although I am blameless,
it would declare me perverse. 4
that 6 I might answer him,
that we might come 7 together in judgment.
1 tn The idea is the same as that expressed in v. 15, although here the imperfect verb is used and not the perfect. Once again with the concessive clause (“although I am right”) Job knows that in a legal dispute he would be confused and would end up arguing against himself.
2 tn Some commentators wish to change this to “his mouth,” meaning God’s response to Job’s complaints. But the MT is far more expressive, and “my mouth” fits the context in which Job is saying that even though he is innocent, if he spoke in a court setting in the presence of God he would be overwhelmed, confused, and no doubt condemn himself.
3 tn The verb has the declarative sense in the Hiphil, “to declare guilty [or wicked]” or “to condemn.”
4 tn The verb עָקַשׁ (’aqash) means “to be twisted; to be tortuous.” The Piel has a meaning “to bend; to twist” (Mic 3:9) and “to pervert” (Jer 59:8). The form here is classified as a Hiphil, with the softening of the vowel i (see GKC 147 §53.n). It would then also be a declarative use of the Hiphil.
5 tn The personal pronoun that would be expected as the subject of a noun clause is sometimes omitted (see GKC 360 §116.s). Here it has been supplied.
6 tn The consecutive clause is here attached without the use of the ו (vav), but only by simple juxtaposition (see GKC 504-5 §166.a).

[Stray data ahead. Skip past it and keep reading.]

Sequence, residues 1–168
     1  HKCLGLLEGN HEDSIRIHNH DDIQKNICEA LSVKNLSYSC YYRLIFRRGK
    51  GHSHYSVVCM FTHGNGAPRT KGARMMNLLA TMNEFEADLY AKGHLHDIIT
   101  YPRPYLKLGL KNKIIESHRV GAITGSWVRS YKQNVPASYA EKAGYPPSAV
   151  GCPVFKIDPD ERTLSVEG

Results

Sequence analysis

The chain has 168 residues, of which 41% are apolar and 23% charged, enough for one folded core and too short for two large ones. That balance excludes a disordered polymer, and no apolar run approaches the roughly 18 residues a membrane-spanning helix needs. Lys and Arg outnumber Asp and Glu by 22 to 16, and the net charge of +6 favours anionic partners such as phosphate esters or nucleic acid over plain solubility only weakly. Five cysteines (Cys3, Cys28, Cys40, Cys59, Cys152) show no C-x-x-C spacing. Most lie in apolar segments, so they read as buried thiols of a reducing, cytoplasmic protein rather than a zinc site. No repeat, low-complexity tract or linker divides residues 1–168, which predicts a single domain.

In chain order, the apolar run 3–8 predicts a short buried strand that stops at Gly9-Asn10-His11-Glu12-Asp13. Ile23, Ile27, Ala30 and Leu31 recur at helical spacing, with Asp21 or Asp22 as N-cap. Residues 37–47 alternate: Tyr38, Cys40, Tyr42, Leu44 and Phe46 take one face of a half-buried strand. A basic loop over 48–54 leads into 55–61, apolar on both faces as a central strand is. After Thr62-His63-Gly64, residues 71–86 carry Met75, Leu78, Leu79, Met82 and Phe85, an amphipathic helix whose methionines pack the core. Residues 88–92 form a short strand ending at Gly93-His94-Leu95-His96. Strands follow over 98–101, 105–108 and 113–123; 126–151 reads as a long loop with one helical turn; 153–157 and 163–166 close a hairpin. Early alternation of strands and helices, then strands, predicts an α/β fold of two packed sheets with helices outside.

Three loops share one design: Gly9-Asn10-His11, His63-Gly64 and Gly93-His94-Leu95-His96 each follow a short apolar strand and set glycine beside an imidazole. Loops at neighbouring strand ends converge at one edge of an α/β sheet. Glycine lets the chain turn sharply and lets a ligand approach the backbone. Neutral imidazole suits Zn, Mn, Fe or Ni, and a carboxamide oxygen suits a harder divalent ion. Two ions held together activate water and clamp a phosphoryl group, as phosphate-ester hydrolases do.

8 tn The participle מוֹכִיחַ (mokhiakh) is the “arbiter” or “mediator.” The word comes from the verb יָכַח (yakhakh, “decide, judge”), which is concerned with legal and nonlegal disputes. The verbal forms can be used to describe the beginning of a dispute, the disputation in progress, or the settling of it (here, and in Isa 1:18).
sn The old translation of “daysman” came from a Latin expression describing the fixing of a day for arbitration.
9 tn The relative pronoun is understood in this clause.
10 tn The jussive in conditional sentences retains its voluntative sense: let something be so, and this must happen as a consequence (see GKC 323 §109.i).
11 sn The idiom of “lay his hand on the two of us” may come from a custom of a judge putting his hands on the two in order to show that he is taking them both under his jurisdiction. The expression can also be used for protection (see Ps 139:5). Job, however, has a problem in that the other party is God, who himself will be arbiter in judgment.